Imports seen easing food inflation

The government must allow more imports of agricultural products to ease food inflation within the 2 to 4 percent target of the Bangko Sentral ng Pilipinas this year, an economist has said.

Professor Ramon Clarete of the University of the Philippines Diliman told Daily Tribune that growth in imports must support the central bank’s monetary policy in order to pull food prices down.

“Overall inflation fed by high food prices is expected to still be above the BSP ceiling rate of 4 percent,” Clarete said.

While a higher BSP policy rate can lower prices by tempering consumer demand for goods like food products, it also threatens to dampen business activities, he explained.

“Monetary correction has limited use, without sacrificing economic growth too much,” the economist stressed.

Since last year, BSP has raised its policy rate by 400 basis points to control overall inflation, which slightly eased to 8.6 percent last month after climbing to 8.7 percent in January, the highest in 14 years.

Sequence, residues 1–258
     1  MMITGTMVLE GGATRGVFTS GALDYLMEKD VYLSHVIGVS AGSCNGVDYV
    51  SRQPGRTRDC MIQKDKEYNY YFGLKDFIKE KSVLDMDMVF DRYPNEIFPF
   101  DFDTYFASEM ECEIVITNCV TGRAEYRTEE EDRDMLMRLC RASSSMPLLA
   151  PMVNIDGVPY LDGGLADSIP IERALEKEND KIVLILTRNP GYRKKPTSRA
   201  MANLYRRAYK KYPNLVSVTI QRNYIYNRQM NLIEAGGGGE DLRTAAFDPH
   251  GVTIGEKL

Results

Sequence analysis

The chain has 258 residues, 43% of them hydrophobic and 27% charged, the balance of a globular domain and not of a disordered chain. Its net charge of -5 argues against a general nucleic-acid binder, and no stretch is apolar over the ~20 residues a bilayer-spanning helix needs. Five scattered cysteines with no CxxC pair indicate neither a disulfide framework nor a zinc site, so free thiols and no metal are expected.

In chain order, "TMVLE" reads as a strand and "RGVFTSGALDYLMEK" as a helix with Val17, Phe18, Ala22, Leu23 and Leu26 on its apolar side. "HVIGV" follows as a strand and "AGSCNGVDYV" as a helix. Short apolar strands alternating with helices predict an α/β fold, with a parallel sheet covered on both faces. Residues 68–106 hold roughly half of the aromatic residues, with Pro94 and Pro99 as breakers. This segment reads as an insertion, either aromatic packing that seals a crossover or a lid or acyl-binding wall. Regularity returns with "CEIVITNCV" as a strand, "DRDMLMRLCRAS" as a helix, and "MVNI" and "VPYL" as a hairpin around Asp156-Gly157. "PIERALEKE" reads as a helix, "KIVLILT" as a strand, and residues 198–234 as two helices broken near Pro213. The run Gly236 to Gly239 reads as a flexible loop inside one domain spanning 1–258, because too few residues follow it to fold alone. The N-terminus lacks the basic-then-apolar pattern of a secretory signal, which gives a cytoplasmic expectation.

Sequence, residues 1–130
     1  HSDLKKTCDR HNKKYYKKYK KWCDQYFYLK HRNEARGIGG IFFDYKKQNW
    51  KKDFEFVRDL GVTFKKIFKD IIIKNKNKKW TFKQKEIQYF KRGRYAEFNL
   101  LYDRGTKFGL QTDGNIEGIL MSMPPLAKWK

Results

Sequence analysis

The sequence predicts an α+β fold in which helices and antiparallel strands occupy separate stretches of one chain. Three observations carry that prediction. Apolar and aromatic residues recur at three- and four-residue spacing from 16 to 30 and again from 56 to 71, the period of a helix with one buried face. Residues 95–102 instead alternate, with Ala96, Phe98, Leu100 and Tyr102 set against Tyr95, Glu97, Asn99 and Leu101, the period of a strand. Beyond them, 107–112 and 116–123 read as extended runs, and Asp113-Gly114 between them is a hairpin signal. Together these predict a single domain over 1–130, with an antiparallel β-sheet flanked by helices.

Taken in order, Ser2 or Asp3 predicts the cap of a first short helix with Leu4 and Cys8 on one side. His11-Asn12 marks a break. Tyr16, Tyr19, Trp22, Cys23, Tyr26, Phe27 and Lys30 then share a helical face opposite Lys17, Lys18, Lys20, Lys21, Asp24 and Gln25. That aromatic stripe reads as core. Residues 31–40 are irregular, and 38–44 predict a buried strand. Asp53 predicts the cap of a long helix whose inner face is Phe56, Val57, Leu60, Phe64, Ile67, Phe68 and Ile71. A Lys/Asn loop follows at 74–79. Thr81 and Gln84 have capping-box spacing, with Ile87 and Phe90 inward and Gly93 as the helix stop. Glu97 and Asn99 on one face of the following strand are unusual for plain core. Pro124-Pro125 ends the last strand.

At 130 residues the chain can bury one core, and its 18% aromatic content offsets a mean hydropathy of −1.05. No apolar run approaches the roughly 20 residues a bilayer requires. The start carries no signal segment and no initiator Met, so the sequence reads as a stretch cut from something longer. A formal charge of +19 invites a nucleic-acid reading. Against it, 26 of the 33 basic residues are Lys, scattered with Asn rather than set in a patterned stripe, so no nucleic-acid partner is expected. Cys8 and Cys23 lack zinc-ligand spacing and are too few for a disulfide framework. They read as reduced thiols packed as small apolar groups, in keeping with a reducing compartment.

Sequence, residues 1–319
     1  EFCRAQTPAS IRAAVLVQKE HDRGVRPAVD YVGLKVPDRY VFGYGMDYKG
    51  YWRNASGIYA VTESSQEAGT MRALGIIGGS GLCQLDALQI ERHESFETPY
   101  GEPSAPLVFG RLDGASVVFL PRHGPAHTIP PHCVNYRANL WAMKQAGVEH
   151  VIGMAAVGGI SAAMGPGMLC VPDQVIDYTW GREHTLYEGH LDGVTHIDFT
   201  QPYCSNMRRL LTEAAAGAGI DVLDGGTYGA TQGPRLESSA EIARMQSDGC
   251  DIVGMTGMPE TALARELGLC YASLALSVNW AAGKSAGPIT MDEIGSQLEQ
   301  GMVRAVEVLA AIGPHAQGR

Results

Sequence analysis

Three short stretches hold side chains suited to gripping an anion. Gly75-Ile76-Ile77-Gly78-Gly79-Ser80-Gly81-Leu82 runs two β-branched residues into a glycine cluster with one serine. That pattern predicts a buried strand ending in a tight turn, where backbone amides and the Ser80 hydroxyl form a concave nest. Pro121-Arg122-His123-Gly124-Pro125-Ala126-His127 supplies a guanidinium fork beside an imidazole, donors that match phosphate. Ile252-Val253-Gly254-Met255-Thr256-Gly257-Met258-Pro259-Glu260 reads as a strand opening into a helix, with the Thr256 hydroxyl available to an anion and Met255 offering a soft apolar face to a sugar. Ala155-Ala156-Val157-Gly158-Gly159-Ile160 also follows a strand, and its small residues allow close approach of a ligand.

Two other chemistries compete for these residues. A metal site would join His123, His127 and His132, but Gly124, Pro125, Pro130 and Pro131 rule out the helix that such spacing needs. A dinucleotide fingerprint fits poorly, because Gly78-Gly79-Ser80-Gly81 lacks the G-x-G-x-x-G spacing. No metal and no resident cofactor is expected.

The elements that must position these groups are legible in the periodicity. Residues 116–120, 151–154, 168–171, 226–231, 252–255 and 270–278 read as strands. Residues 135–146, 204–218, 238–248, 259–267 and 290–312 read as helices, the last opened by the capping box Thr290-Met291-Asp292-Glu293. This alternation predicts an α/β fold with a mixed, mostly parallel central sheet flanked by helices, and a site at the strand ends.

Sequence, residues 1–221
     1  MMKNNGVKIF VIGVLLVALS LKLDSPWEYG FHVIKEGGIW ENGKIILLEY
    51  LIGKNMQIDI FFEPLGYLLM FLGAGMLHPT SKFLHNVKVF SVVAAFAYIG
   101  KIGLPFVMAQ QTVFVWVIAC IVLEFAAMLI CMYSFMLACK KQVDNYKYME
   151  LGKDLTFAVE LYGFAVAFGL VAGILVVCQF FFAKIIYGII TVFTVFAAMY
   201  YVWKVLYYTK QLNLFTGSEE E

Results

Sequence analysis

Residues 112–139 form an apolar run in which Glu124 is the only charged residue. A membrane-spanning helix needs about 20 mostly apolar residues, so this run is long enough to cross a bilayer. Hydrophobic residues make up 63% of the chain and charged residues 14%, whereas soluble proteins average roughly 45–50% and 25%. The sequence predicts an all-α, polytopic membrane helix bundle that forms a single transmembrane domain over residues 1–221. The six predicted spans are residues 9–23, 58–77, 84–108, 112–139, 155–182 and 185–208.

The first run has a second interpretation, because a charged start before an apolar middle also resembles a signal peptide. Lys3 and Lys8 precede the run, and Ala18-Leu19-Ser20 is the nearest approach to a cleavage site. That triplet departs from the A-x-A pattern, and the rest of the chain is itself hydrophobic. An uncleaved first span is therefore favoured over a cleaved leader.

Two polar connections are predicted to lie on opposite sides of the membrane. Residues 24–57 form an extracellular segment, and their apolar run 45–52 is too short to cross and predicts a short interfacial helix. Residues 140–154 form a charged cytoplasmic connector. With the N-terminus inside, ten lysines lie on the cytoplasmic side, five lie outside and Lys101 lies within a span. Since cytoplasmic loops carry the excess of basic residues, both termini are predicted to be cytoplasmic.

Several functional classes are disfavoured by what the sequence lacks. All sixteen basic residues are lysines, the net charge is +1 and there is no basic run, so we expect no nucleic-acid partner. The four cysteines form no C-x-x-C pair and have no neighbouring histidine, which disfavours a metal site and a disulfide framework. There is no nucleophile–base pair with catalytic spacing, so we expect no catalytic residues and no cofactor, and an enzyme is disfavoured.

Economists, however, said the limited supply of some agricultural products pushed food prices up.

The highest prices were seen in sugar and desserts which eased to 37 percent inflation last month from 38.8 percent in January, after the government ordered the importation of 440,000 metric tons of sugar on 15 February.

Enough sugar

Department of Agriculture spokesperson Rex Estoperez said last Friday that the sugar supply will be sufficient this year due to imports and constant monitoring by authorities over smugglers and hoarders.

The DA official said illegal traders have been able to manipulate prices for a long time now because of weak operations.

Thus, the DA and other government agencies have been aggressive in stopping smuggled products from reaching markets and in apprehending hoarders.

Onion prices soared up to P800 per kilo last December amid the hoarding that created an artificial supply shortage.

To meet consumer demand and lower prices, the agriculture department ordered the importation of 21,060 metric tons of onions in January.

The latest government data, however, showed prices of onions at still P120 to P150 per kilo, higher than the DA’s target of P80 to P100 per kilo.

Meanwhile, prices of refined sugar have been down to P97 per kilo from P102 per kilo.

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